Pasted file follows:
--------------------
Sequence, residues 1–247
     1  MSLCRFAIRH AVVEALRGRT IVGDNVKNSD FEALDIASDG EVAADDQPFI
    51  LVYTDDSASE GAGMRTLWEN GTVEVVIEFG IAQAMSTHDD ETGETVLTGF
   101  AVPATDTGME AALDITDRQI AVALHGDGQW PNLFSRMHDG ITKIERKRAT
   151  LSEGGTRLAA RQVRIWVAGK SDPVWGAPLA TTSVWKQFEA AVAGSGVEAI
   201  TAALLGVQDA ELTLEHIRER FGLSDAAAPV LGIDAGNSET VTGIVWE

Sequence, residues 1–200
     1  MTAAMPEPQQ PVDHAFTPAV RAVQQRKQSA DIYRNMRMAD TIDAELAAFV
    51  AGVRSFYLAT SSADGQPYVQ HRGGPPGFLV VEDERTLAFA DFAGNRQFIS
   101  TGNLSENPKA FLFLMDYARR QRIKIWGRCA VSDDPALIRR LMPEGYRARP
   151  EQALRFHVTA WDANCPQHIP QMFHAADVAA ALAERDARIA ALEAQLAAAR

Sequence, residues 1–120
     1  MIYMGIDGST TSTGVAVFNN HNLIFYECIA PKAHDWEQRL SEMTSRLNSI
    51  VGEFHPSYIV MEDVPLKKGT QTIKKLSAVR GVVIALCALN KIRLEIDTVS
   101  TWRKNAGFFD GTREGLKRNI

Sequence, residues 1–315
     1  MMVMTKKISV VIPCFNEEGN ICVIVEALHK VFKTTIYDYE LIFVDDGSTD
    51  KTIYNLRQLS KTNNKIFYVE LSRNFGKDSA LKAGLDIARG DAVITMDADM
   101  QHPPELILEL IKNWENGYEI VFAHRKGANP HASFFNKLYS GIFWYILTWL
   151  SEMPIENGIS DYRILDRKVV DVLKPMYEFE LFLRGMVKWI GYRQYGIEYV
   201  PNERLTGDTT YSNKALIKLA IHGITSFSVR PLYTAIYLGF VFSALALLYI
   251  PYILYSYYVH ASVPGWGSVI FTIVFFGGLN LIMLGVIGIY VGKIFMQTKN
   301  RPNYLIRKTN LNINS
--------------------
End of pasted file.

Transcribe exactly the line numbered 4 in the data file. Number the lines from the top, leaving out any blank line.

   101  AVPATDTGME AALDITDRQI AVALHGDGQW PNLFSRMHDG ITKIERKRAT